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Subverting the first ammendment using foreign courts.

1prophet

Diamond Member
Aug 17, 2005
5,252
476
126
Court: State law won't protect terror author from libel judgment

Local
Court: State law won't protect terror author from libel judgment
By MICHAEL GORMLEY, The Associated Press
2007-12-20 23:39:52.0
Current rank: # 5,876 of 6,075

ALBANY, N.Y. -
New York's highest court decided Thursday a state law can't help a Manhattan author block a libel verdict brought against her in London by a Saudi billionaire over her book "Funding Evil: How Terrorism is Financed - and How to Stop It."

The unanimous decision interpreting a New York law now goes to a federal court. There, author Rachel Ehrenfeld has sought to combat what her attorney argued was a chilling effect on free speech by the billionaire, Khalid Salim A. Bin Mahfouz. The Saudi businessman has sued more than two dozen times over writings on terrorism and those who fund it, including Ehrenfeld's 2003 book.

"The chill continues," said Ehrenfeld's attorney, Daniel Kornstein of Manhattan.

Kornstein said the businessman hasn't tried to collect on his judgment, which includes an apology and a halt on book sales. But he said the London court verdict is a threat to authors.

"That's the danger and the risk and the problem that we tried to stress," Kornstein said. "It creates a sword of Damocles that prohibits authors and publishers - and readers can't read about it."

New York's Court of Appeals had been asked by a federal court if the state's "long-arm" law could apply to the case. But the state court found the law, which establishes jurisdiction for almost anyone who does business in New York, doesn't apply to this case.

"We are pleased that the New York Court of Appeals has today issued an opinion finding that Mr. Bin Mahfouz is not subject to jurisdiction in New York, thereby effectively ending Dr. Ehrenfeld's misuse of U.S. courts to attack the very appropriate and necessary judgment entered by the English court in favor of Mr. Bin Mahfouz and his family," said Mahfouz's attorney, Timothy Finn.

Mahfouz sued Ehrenfeld for libel in the High Court of Justice in London, although Ehrenfeld didn't appear or acknowledge the court's jurisdiction in the 2005 case. A default judgment requires her to declare her writings about Mahfouz to be false, publish a correction and apology, and stop further publication of the disputed statements in Britain.

In U.S. Circuit court, Ehrenfeld sought to declare the British decision unenforceable in the United States. The suit claims that Mahfouz chose to sue Ehrenfeld in England because its libel laws favor plaintiffs. Ehrenfeld's attorney said Mahfouz was engaging in a kind of "libel tourism."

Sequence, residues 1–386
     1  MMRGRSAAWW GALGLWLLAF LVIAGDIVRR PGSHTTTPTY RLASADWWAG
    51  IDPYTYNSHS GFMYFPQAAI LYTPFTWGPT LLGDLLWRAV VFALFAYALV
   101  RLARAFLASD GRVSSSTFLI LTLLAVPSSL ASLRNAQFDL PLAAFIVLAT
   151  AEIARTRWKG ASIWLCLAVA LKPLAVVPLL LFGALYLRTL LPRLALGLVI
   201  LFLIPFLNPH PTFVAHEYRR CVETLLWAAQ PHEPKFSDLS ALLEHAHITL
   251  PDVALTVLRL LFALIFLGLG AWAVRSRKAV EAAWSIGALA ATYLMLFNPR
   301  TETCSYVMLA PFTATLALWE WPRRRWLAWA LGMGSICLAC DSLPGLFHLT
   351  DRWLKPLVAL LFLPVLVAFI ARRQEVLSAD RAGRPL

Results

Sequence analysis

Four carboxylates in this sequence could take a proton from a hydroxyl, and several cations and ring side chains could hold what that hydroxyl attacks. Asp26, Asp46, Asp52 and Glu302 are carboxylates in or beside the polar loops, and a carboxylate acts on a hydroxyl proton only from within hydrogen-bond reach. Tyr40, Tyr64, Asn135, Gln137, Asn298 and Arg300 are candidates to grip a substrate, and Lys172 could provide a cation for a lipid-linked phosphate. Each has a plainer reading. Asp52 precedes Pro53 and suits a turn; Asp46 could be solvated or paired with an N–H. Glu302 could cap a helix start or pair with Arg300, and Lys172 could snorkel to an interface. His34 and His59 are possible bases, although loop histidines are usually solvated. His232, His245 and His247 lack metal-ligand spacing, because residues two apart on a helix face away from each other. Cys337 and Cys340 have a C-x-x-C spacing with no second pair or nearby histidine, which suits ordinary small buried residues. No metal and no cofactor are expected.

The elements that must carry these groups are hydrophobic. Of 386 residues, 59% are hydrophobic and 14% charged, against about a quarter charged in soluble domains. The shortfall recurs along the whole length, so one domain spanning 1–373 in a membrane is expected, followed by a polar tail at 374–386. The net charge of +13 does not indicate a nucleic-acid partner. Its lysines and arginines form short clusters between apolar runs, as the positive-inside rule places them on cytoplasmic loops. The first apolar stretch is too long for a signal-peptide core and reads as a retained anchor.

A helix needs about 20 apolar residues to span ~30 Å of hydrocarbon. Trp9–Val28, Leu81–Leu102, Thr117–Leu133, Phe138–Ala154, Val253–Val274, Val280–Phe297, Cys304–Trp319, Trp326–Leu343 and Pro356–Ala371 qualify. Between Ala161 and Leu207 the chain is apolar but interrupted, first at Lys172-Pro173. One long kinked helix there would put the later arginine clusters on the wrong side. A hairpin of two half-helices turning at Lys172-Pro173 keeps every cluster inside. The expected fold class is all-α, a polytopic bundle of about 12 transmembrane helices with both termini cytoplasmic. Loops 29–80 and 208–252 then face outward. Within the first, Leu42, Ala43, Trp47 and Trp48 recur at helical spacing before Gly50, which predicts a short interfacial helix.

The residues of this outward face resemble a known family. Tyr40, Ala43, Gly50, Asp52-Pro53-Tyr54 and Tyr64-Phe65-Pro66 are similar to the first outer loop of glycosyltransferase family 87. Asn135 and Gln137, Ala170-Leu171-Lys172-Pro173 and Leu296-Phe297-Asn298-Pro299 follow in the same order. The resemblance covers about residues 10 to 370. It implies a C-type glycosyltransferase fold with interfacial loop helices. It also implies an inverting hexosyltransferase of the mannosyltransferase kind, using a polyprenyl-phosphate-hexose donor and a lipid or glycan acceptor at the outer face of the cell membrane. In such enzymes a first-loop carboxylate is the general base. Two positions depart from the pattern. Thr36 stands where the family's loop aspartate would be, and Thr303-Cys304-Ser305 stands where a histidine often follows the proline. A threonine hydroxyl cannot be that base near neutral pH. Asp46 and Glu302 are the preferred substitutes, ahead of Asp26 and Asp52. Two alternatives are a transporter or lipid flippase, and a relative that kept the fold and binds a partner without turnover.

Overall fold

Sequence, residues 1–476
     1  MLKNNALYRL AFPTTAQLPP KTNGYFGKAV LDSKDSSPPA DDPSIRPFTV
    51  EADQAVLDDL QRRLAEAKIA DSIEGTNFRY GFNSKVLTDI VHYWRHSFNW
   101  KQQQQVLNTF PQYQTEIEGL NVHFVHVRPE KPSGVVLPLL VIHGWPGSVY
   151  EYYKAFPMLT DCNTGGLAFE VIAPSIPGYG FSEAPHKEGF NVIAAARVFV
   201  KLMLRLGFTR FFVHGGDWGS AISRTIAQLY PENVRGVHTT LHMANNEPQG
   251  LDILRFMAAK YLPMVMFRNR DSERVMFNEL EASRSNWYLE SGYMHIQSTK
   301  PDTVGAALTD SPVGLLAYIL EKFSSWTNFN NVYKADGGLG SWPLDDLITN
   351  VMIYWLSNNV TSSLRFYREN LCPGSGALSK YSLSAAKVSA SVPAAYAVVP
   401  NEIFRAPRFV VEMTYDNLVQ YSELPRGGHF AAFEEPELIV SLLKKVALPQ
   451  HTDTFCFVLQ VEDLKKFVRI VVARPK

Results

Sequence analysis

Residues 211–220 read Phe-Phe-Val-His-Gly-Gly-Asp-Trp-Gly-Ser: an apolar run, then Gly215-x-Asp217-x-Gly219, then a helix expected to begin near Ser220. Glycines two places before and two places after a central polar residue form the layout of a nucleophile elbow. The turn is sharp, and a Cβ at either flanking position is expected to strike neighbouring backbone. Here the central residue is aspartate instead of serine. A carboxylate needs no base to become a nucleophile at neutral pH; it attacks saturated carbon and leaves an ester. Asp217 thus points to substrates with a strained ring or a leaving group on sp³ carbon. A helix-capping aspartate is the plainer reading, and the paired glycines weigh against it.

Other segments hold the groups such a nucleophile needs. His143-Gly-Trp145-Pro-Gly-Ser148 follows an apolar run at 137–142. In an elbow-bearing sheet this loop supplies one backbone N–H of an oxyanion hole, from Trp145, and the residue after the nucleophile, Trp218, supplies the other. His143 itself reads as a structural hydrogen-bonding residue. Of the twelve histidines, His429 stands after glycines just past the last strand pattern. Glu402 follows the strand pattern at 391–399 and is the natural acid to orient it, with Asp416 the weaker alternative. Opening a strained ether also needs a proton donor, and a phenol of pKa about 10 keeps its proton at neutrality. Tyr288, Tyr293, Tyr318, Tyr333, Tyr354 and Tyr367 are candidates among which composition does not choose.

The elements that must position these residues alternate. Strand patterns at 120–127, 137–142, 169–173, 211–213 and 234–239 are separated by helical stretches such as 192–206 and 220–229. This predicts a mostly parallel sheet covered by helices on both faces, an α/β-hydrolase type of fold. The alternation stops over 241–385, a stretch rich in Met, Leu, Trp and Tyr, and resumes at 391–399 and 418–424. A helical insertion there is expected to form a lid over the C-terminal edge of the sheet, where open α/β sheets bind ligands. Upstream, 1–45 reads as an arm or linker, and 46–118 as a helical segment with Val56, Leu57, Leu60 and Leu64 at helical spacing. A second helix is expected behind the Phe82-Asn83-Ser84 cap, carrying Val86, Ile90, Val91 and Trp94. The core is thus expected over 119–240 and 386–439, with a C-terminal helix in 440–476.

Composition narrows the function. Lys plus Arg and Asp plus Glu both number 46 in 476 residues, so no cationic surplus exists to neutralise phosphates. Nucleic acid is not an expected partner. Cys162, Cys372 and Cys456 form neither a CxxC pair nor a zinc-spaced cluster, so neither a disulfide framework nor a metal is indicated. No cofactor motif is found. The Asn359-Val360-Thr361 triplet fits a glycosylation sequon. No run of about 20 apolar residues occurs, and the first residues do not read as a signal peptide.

Mahfouz had defended the choice of venue, saying 23 copies of the book had been purchased in England over the Internet and a chapter of the book was available from the ABCnews.com Web site.

Ehrenfeld's book said Mahfouz "and his family have provided direct and indirect monetary support to al-Qaida and other `Islamist terror groups,'" according to the state court record

This is one to watch, who would have thought to use foreign courts to subvert the first ammendment, why not just ban the sale of the book?


 

Noobtastic

Banned
Jul 9, 2005
3,721
0
0
Geez, oppressing their own country obviously isn't enough.

Must rid the world of those who expose true muslim society!

The author should feel lucky she hasn't been assassinated....yet.



 

Nebor

Lifer
Jun 24, 2003
29,586
11
76
Uh... couldn't you just not pay them the money? WTF is an English court going to do to you?
 

1prophet

Diamond Member
Aug 17, 2005
5,252
476
126
Originally posted by: Nebor
Uh... couldn't you just not pay them the money? WTF is an English court going to do to you?
The problem with that is the US goes after people in other countries for violations of its laws there like in Britain, now they can demand the same and we all lose.


US says it has right to kidnap British citizens

David Leppard
AMERICA has told Britain that it can ?kidnap? British citizens if they are wanted for crimes in the United States.

A senior lawyer for the American government has told the Court of Appeal in London that kidnapping foreign citizens is permissible under American law because the US Supreme Court has sanctioned it.

The admission will alarm the British business community after the case of the so-called NatWest Three, bankers who were extradited to America on fraud charges. More than a dozen other British executives, including senior managers at British Airways and BAE Systems, are under investigation by the US authorities and could face criminal charges in America.

Until now it was commonly assumed that US law permitted kidnapping only in the ?extraordinary rendition? of terrorist suspects.

The American government has for the first time made it clear in a British court that the law applies to anyone, British or otherwise, suspected of a crime by Washington.

Legal experts confirmed this weekend that America viewed extradition as just one way of getting foreign suspects back to face trial. Rendition, or kidnapping, dates back to 19th-century bounty hunting and Washington believes it is still legitimate.

The US government?s view emerged during a hearing involving Stanley Tollman, a former director of Chelsea football club and a friend of Baroness Thatcher, and his wife Beatrice.